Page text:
Official site: https://www.sanbi.org/gardens/free-state
5 Naval Hill and the Franklin Nature Preserve
A panoramic view of Bloemfontein is Naval Hill’s main draw, but the area is also home to an abundance of wildlife and a few other surprises. This gentle hill to the northeast of the city is also home to the Franklin Free Nature Preserve, which is home to zebra, springbok, eland, and giraffe, as well as many birdlife. Also on the hill is the former Lamont-Hussey Observatory, now converted to the Observatorium Theater, which hosts educational shows. While in the area, check out the large white sculpture of a horse on the east side of the hill, erected during the Boer War and serving as a landmark for the British cavalry. At the foot of Naval Hill, the Orchid House in Hamilton Park has a collection of hundreds of exotic varieties of these beautiful flowers.
6 The National Museum
Established in 1877, the National Museum is a great place for tourists to learn about the region’s cultural, natural, and political history, as well as its artistic traditions. The museum has a large collection of fossils and archaeological material, including a chronological overview of tools from the Stone Age and Iron Age. In the ethnology section, visitors can learn about the lives of the Bushmen, Himba, Zulu and other cultural groups, and see African musical instruments. Particularly educational for children are the astronomy section, the mammal section, and the historic street scene with recreations of everyday life in the late 19th and early 20th centuries. A satellite museum in Bloemfontein’s oldest building, the First Council Chambershows exhibits on the history of the Free State.
Address: 36 Aliwal Street, Box 266, Bloemfontein, Free State
Official Site: https://www.nasmus.co.za/
7 Anglo Boer War Museum
The Anglo Boer War museum traces the history from the Boer perspective of this bitter conflict, which took place from 1899-1902. History buffs can gain insight into the context of the war and life in the brutal prison camps through dioramas, a collection of art, audiovisual presentations, artifacts, and other exhibits. The permanent collection focuses on some of the key figures of the time and includes a collection of firearms. Particularly poignant are exhibits that highlight the impact of the war on black South Africans, as well as a bloodstained baby hat that shows the holes of stray bullets. Outside the museum are several memorials including the National Women’s Monument, a 37 meter high obelisk that commemorates the 26,000 women and children who died in British concentration camps during the Boer War. In the base of the memorial is an urn containing the ashes of Emily Hobhouse, an Englishwoman who campaigned for better treatment of the internees.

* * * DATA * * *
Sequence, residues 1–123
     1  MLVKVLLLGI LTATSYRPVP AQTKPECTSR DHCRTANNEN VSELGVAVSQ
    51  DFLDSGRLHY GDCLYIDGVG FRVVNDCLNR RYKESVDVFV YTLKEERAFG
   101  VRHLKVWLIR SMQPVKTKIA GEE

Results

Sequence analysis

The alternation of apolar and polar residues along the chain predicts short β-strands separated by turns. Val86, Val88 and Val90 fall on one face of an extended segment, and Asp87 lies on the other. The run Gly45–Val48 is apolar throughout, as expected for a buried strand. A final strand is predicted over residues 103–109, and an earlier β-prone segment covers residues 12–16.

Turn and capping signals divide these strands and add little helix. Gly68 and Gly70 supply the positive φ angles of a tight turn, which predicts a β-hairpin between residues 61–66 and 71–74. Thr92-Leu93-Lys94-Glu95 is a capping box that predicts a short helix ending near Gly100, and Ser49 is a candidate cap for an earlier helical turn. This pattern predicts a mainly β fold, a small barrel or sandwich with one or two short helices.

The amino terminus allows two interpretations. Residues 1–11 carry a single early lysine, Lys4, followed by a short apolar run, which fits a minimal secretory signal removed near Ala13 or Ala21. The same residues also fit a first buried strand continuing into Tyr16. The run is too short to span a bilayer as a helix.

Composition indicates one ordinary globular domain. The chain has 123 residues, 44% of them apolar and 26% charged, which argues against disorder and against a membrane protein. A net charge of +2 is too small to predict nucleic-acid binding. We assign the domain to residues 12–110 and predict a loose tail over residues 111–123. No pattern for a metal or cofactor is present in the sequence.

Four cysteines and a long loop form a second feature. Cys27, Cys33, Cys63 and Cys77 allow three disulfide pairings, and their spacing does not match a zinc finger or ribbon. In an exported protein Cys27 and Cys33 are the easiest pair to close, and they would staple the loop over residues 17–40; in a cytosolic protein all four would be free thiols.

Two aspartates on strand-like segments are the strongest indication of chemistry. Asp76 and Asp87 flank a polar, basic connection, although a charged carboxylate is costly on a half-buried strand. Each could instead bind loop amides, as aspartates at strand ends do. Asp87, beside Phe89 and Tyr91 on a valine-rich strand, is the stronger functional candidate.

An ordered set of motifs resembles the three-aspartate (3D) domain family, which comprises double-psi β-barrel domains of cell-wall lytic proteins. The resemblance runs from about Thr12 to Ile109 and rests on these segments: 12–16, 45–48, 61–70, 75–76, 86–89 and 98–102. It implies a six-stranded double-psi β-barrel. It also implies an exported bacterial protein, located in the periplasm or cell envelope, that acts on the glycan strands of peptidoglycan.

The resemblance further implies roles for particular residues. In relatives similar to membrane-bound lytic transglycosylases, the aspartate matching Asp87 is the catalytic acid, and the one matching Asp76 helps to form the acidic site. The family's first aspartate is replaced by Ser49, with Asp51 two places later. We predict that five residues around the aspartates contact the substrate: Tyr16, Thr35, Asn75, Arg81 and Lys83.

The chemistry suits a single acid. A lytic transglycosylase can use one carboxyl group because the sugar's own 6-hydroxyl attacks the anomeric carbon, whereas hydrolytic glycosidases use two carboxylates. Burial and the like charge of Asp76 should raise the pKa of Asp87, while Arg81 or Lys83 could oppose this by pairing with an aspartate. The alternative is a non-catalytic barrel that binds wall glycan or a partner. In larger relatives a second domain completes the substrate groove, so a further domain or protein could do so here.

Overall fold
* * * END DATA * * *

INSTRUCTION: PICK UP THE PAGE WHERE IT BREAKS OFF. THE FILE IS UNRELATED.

Adres: Monument Road, Bloemfontein
8 Loch Logan Waterfront and the Free State Stadium
Overlooking a lake, the Loch Logan Waterfront’s cry is to make it known as the largest shopping center in central South Africa. The mall is usually a hive of activity with many shops, restaurants and boutiques. On rainy days, this is a great place to catch a movie at the cinema or enjoy some retail therapy. When the sun shines, customers can relax in one of the waterfront restaurants or cafes. There is ample parking and many sports fanatics snag a spot here when catching a rugby game at the nearby Free State Stadium.
Address: 105 Henry Street, Willows, Bloemfontein
Official site: https://www.lochlogan.co.za
9 Fourth Council Chamber
Opposite the Court of Appeal is the Vierde Raadsaal, one of the most beautiful buildings in the city. The foundation stone was laid by President FW Reitz in 1890. and the building was completed in 1893. The red-brick Renaissance-style building boasts a prominent dome and portico of Ionic columns. The last session of the parliament of the old Boer Republic of the Orange Free State was held here before the occupation of Bloemfontein by British troops in March 1900. It is now the seat of the Free State Provincial Council. In front of the building is a monument (by Coert Steynberg) to Christiaan de Wet, a general during the Boer War. One block west of here, the Bloemfontein City Hall was designed by Sir Gordon Leithe in 1935 and is decorated with Italian marble and intarsia work in Burmese wood.
10 Langenhovenpark Boeremark (farmers market)
The popular Boeremark (farmers market and craft market) is a great place to enjoy the sights, sounds, smells and flavors of Bloemfontein. Tourists and locals come here to taste and buy local food, such as delicious pannekoek (Dutch pancakes), homemade jams, dried fruits and fresh farm produce. Other stalls are full of second-hand books, clothing, plants and furniture. This is also a great place to shop for souvenirs from the arts and crafts stalls. The market is held every Saturday from 06:00 to 14:00 in the Langenhovenpark.
Address: Bankovs Boulevard, Langenhovenpark, Bloemfontein